“Weber[…]asked why capitalism arose only in the West, not in other societies. In China, he found, the Confucian ethic served as a religious barrier to the development of capitalism. [According to Weber], ‘the characteristics of Confucianism militated against the development of a spirit of capitalism, and Confucian-based cultures discouraged all the attributes necessary for success in capitalism’”6 China has been experiencing an extraordinary transformation toward capitalism, especially in the last 20 years. It’s industrial revolution is the largest and most accelerated in world’s history. Not too long ago, China was one of the poorest countries in the world; now it is the world’s largest exporter and importer.

 

Since the 1980s, China has built zones for economic development. Over the last 3 decades, 280 million migrant workers (Chinese peasants) relocated to work in factories in these new economic zones. The money they sent back to the rural villages helped 3 times as many people rise out of poverty. These workers were willing to endure dangerous working environments, low wages, long hours and poor living conditions for the good of the community and the betterment of their own families. 7 These ideas are at the root of Confucian ethics.

 

Some have asserted that Weber‘s thesis on China, and the Confucian influence, was faulty. Confucianism cannot be both a hindrance to and a promoter of modern capitalism at the same time. So was Weber wrong? How could Weber have known that China would go through a process of removing traditional and cultural landmarks throughout that last 100 years. In his time, Weber understood some of the limitations that the Chinese culture put upon itself. Now a hundred years later, we have seen a new China that struggles with its place in the world and the ethical issues of corruption, abuse, pollution, and morality as it has achieved its success without a foundation of faith. Peter Zhao, a Communist Party member and adviser to the Chinese Central Committee said, “Without a unifying moral system enforced by common values there can be no real trust between people. Without faith among business partners and between management and shareholders, only the threat of the law can keep people honest. There are problems of corruption emerging. . . . There is concern about whether China’s economy will ever become a sound market economy.”8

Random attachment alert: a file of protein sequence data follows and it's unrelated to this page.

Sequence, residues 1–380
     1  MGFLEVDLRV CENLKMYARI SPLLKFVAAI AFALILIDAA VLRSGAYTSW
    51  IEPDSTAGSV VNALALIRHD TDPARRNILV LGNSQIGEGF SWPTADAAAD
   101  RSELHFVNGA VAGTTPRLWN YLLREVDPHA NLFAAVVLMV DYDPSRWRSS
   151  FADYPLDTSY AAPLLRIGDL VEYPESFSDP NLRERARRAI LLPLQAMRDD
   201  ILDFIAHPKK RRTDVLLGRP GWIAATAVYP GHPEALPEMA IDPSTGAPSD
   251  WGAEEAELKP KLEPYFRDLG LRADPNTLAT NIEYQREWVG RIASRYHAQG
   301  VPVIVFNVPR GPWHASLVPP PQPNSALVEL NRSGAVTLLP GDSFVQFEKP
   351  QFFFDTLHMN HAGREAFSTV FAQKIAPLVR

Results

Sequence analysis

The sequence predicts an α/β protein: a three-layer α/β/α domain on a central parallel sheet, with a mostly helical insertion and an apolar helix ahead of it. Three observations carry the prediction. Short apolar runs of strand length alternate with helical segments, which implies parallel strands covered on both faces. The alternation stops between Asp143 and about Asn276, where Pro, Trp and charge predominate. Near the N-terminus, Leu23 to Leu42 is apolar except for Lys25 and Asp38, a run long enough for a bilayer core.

So as China remakes itself by pushing the bounds of economic growth and political leadership, the party controlled capitalism, this authoritarian capitalism, remains a structure without a spirit. It is a system that is mostly based on faith in their own country, their own leaders, and their own hard work. This model of leadership is seen even within the church. Work hard and build your community and people will see your church as a success. Even though capitalism and Confucianism has been redefined in ways Max Weber would never have thought, I do not think either can last without a foundation in faith.

 

 

1Weber, Max. The Protestant Ethic and the Spirit of Capitalism. Routledge Classics. London ; New York: Routledge, 2001.

3Weber, Max. The Religion of China: Confucianism and Taoism. Free Press Paperback. Glencoe, Ill.: Free Press, 1964.

6Deng, Fang (2016). Is Max Weber Wrong? The Confucian Ethic, Migrant Workers, and China’s Rise. Bridgewater Review, 35(2), 28-32. Available at: http://vc.bridgew.edu/br_rev/vol35/iss2/9

7Ibid

About the Author

Greg

Greg has a wife and 3 children. He has lived and work in Asia for over 12 years. He is currently the Asia Director of Imanna Laboratories, which tests and inspects marine products seeking US Coast Guard certification. His company Is also involved in teaching and leadership development.